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Designing and Using Rubrics

Rubrics are matrices that communicate clearly and succinctly criteria and standards for evaluating student work. When used appropriately rubrics can be effective teaching tools for the purpose of clarifying expectations for students. Many instructors adopt rubrics as a way to save time in marking.

Why use rubrics?

Rubrics can make the task of grading more effective and more efficient. Although they require time upfront in designing and building, rubrics can save significant time when it comes to grading student work.  They can also be reused and easily tweaked.  Rubrics can also be used as clear evidence of grading choices, and to provide reference points when speaking to students about grades, areas for improvement, and areas of excellence.

Rubrics also provide guidance to students on what is expected of them in an assignment.  For this reason, it is important to provide rubrics to students BEFORE they submit an assignment, and ideally whenever the assignment is first introduced to students.  Students should have access to the criteria for an assignment in order to support them in completing the assignment in a successful way.  

Tip from a Curriculum Teaching and Learning Specialist

Have students complete a self-assessment using the rubric and hand in along with the assignment. Having students complete a self assessment using the rubric encourages students to consider the criteria deeply, and apply it meaningfully to their assignment. And all of this can contribute to higher student success as they revise and adjust their assignment accordingly.

Types of Rubrics

There are different types of rubrics, including analytic, holistic, and checklist.  Which rubric you choose depends on the type of artifact you are grading, and the nature of what you are looking to assess.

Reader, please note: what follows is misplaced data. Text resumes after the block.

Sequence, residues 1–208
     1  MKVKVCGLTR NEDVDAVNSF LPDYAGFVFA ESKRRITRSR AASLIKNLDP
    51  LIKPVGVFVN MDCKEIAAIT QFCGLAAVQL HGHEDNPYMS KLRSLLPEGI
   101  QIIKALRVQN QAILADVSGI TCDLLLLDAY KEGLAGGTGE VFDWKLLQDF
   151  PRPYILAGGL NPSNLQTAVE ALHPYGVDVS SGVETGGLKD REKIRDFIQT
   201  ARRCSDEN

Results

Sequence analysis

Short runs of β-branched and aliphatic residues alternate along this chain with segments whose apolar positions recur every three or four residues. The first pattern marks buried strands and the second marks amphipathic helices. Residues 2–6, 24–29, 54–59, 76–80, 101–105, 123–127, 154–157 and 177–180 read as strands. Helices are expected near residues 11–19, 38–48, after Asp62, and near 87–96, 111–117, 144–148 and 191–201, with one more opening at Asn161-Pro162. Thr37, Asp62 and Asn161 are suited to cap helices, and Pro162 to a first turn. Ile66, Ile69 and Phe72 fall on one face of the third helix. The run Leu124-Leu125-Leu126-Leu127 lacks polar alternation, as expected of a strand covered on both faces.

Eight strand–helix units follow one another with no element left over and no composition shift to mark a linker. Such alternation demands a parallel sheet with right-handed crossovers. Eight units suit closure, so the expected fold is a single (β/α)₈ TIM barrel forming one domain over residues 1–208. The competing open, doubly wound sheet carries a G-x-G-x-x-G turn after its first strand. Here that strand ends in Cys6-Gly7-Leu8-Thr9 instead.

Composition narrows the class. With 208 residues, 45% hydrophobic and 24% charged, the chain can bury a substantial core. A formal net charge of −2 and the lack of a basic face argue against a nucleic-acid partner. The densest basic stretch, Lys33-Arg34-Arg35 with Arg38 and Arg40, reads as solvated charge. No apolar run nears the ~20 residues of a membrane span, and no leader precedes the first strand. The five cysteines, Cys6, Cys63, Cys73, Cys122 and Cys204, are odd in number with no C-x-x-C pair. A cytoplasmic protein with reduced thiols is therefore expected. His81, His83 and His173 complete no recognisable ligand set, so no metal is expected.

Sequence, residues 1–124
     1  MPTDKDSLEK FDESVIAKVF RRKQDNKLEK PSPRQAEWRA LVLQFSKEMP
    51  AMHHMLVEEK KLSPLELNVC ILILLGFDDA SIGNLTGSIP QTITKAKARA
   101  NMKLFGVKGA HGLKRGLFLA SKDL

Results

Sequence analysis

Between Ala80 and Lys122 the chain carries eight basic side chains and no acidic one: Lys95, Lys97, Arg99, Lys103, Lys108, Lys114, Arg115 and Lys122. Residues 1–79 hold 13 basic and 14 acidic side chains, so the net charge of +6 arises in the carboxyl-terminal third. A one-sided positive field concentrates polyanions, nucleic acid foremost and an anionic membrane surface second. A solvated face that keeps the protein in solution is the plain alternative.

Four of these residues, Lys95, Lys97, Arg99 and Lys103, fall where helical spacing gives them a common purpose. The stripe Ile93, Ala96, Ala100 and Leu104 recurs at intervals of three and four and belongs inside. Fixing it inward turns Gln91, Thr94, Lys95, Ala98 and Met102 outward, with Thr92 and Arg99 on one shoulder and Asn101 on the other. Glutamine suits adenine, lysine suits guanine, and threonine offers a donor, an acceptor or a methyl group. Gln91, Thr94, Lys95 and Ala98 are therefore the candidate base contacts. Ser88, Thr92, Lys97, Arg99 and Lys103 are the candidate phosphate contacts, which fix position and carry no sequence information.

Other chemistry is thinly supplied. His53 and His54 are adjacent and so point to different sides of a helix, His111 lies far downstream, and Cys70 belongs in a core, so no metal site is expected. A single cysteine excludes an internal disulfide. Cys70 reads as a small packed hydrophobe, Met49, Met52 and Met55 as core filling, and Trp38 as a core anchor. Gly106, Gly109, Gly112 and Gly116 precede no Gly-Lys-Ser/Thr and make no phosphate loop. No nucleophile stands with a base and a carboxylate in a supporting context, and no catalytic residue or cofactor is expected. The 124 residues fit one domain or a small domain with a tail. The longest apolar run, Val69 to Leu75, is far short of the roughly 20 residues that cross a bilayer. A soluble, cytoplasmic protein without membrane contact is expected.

Analytic rubrics are often in a table/matrix format with 3-4 levels and descriptions of criteria per each level. Columns represent various levels of achievement, and rows represent the assessment criteria.  Analytic rubrics are used when an instructor wants to break down an assignment into various categories, and assess criteria in each one.  In this way, analytic rubrics assess the breadth of quality for different components within an artifact.

Analytic Rubric Example

Click on the image to view an accessible PDF version of this rubric

Holistic rubrics combine all of the criteria for assessment into one category and scores student work against that category.  In this way, holistic rubrics assess student work as a whole artifact.  

Holistic Rubric Example

Click on the image to view an accessible PDF version of this rubric

A checklist rubric may be used when there is not a continuum of quality, but rather a yes/no or complete/incomplete dichotomy within an assignment .For example, in the rubric below, appropriate protective clothing must be worn.  Cylinders are either secured or not.  There is no in-between here.. The nature of this assessment is that the criteria is achieved or not achieved, there is not a gradient of quality. Students are assessed on whether or not the steps have been followed or achieved. 

Checklist Rubric Example

Click on the image to view an accessible PDF version of this rubric

These are three examples of the most common types of rubrics, but any schematic that articulates criteria and is used to assess students in essence is a rubric.  

Rubrics in VIULearn

VIULearn has a rubric tool that can be used to create analytic or holistic rubrics.  Once created, these rubrics can be attached to an assignment and used to evaluate artifacts submitted online. More on how to create and use rubrics in VIULearn here.

Tip from a Curriculum Teaching and Learning Specialist

Rubrics used in VIULearn, however, cannot be used by students as a self assessment.  To enable students to self-assess on an assignment using a digital rubric in VIULearn , an instructor’s options include:

  • turning the rubric into a fillable PDF and uploading for students
  • turning the rubric into a word document and uploading for students to complete

Book a consultation about rubrics

CIEL specialists are available for consultations to discuss and support the design and development of rubrics. Please email to set up a one-on-one meeting with one of our specialists.